For Ella Russell Torrey ’47, global citizenship is an everyday job
Talking with Torrey, one can be forgiven for being both surprised and unsurprised that she was, at one time, on track to becoming a Rockette. Surprised because, after abandoning her audition for the famed troupe to come to Bennington, Torrey pursued a path that led to becoming, among other things, a fashion writer, a reporter at the United Nations, and Eleanor Roosevelt’s assistant. Unsurprised because only a potential Rockette might possess the stamina to have led such a life.
In fact, it was Torrey’s incomparable, almost restless energy that nearly prevented her from coming to Bennington. After years of buttoneddown private schooling, she wanted freedom. “My father introduced me to Bennington and when I agreed to go he agreed to sign a paper promising no problems if I decided to leave the College after three months,” she says. “But I came alive at Bennington.”
Torrey cites two reasons for her four happy, instrumental years at Bennington: its liberating structure (“I finally could choose to study what I was interested in”) and the faculty. Martha Graham, for one. “That woman taught every class, every freshman. She did not just sit around. She told me, ‘Ella, you have the ability to be a dancer, but you don’t have the heart.’ And she was right.”
For some aspiring dancers, that might have been discouraging news. But for Torrey, it merely shifted her focus. She took courses with Erich Fromm and Peter Drucker, whom she says developed in her a proclivity for political action. “I saw participating in the world and taking responsibility as my duty as a citizen. The teachers at Bennington, many of whom were refugees from Europe, definitely made you feel that it was your responsibility to prevent further holocausts.”
There was another reason Torrey gravitated toward civil service. “My brother was a Marine fighter pilot and he was killed in the war. That experience made me grow up a lot. I wanted to prevent that sadness for others. I don’t believe war solves many problems. It really isn’t the answer. I always say ‘brains, not bullets.’”
After graduation, Torrey attended graduate school for a time before emigrating to Paris to become a writer for The Chicago Tribune. She covered fashion at first, but ever restive, soon took a more political post at Al Masri, then Egypt’s largest newspaper, finessing the copy of her male peers in a culture that didn’t exactly welcome it. “Oh, this was 1949, so there was a lot of sexual harassment,” she says. “People chased me around the couch. But you just laughed it off.”
Some interactions, however, were not so problematic. It was out of social gatherings with journalists that Torrey was recommended to the State Department, specifically to work for the U.S. mission to the U.N., where she was eventually appointed as Eleanor Roosevelt’s public information officer (Mrs. Roosevelt had been assigned to the U.N. by President Truman as a U.S. delegate). “She was an incredible woman,” Torrey says. “She once asked me, ‘Ella, am I the first Democrat you’ve known?’ I said there were a lot of Democrats at Bennington. She laughed at that.”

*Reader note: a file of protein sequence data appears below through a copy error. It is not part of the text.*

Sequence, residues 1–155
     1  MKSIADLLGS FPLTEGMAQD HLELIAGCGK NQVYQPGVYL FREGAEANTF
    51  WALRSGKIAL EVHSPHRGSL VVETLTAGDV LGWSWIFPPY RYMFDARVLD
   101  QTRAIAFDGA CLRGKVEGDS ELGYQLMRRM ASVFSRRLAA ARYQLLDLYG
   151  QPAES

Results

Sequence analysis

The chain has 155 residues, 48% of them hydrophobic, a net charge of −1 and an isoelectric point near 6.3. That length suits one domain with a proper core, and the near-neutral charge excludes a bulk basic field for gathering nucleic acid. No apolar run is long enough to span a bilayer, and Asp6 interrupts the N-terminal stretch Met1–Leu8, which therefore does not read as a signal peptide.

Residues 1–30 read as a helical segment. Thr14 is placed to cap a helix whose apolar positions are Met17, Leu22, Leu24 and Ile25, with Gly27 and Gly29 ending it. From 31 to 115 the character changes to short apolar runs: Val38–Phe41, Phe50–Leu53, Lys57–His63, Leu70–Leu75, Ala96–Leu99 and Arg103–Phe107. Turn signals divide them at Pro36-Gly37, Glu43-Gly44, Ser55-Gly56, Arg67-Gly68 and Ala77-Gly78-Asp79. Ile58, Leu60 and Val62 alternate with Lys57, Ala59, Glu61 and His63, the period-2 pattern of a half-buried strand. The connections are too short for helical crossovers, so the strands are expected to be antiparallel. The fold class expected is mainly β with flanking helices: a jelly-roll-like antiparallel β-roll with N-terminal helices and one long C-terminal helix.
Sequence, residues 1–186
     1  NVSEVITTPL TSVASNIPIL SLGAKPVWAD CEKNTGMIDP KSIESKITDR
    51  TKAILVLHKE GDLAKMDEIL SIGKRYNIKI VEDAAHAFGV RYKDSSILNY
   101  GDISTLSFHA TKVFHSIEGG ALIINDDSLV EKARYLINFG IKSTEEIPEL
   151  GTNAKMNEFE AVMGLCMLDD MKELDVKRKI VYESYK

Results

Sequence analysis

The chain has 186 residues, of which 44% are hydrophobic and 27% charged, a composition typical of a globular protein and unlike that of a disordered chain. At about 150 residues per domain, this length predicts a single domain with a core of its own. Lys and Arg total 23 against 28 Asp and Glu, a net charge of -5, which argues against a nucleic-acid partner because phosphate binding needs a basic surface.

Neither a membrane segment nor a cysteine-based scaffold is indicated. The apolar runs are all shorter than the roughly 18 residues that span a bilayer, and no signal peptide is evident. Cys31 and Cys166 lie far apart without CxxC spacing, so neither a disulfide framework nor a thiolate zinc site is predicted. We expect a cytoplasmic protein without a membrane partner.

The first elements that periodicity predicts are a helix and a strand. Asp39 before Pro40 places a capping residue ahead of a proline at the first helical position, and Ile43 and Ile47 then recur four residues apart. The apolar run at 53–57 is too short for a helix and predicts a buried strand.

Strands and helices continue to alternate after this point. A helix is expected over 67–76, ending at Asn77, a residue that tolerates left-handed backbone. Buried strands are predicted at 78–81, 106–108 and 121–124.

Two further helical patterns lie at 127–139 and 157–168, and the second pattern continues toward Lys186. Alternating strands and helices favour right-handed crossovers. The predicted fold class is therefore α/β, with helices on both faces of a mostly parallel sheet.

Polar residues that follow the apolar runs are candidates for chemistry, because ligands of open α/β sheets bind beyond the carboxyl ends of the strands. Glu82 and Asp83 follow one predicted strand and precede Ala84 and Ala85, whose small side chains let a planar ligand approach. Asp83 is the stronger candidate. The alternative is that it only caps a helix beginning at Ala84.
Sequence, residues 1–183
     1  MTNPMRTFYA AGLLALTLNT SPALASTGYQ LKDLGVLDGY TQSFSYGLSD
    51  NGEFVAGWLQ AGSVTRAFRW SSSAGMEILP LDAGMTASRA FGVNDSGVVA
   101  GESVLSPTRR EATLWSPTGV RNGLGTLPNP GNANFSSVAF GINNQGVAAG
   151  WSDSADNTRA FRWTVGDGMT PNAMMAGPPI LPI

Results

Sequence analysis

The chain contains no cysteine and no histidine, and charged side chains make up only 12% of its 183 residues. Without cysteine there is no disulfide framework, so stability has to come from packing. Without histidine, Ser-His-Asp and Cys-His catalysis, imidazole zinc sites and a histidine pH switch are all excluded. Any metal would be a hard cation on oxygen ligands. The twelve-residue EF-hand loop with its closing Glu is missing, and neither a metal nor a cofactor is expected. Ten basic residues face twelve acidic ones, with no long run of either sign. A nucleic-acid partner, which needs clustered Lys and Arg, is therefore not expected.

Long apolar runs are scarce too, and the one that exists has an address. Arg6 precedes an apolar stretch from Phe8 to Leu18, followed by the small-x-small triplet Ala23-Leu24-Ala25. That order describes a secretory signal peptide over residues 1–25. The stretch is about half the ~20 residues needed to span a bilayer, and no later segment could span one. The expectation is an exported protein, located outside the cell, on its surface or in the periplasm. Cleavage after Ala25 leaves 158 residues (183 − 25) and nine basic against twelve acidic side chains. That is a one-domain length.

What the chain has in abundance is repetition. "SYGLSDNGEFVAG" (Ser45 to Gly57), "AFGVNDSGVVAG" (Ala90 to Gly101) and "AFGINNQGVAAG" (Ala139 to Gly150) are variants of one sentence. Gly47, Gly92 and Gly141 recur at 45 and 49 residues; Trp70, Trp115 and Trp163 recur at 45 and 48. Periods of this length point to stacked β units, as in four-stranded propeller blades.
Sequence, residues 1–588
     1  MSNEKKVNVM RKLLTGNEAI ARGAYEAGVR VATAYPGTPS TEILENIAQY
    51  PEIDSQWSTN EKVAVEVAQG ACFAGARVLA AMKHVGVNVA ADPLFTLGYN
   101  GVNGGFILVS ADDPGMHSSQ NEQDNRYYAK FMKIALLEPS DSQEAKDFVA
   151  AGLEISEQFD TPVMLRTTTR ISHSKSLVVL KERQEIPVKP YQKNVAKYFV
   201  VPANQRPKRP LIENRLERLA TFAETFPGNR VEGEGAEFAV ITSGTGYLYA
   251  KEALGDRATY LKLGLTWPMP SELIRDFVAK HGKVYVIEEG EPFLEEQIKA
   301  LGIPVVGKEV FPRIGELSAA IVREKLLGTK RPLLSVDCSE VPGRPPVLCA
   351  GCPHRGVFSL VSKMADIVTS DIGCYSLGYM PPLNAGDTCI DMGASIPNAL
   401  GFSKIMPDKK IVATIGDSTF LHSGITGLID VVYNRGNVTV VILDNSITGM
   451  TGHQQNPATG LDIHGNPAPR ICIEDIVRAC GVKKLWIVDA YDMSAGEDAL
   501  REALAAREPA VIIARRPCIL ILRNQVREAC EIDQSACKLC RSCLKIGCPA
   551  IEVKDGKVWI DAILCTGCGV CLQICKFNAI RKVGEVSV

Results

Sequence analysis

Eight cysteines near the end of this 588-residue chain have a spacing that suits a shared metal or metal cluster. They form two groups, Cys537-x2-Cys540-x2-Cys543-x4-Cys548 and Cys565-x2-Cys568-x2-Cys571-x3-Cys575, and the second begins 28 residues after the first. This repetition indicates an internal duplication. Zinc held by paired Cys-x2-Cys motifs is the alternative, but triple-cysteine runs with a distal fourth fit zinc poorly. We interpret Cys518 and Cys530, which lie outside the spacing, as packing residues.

Torrey is quick to point out that, in those days, there was a friendliness among Democrats and Republicans, a “camaraderie” that she misses deeply today. “I worked for Mrs. Roosevelt, but I also worked for Henry Cabot Lodge and Adlai Stevenson. Things have become so much more fractious, and I don’t know why. I’ve thought about it a lot because it’s tragic for the country.”
Indeed, part of what makes Torrey’s life so compelling is the degree to which it has been about striving to take meaningful action with unusual grace, openness, and civility. At the U.N. she covered the transfer of power from colonial rule to self-rule in many African nations and the early days of the Arab/Israeli conflict. Even when she left the U.N. in 1954 and moved to Evansville, Indiana, she became a leader in integrating the city’s public schools (all while raising four children).
“I’ve given lectures on global citizenship, and I try to tell young people that it is about getting involved. There’s a protectionist impulse now because the world has become so large. It’s scary, and we want to go inward. But we shouldn’t. I recognize that the younger generation may feel they have no influence, but it’s essential to involve yourself, to participate, to vote, to call your congressional representative.”
Torrey is still applying her irrepressible energy. After retiring from her positions at the World Affairs Council and the International Visitors Council, she has become president of an international youth hostel and on the board of the Global Philadelphia Association, which promotes access and trade for profit and nonprofit organizations.
She says she even still follows dance, although no Rockette is likely to have kicked up more for the common good than Torrey.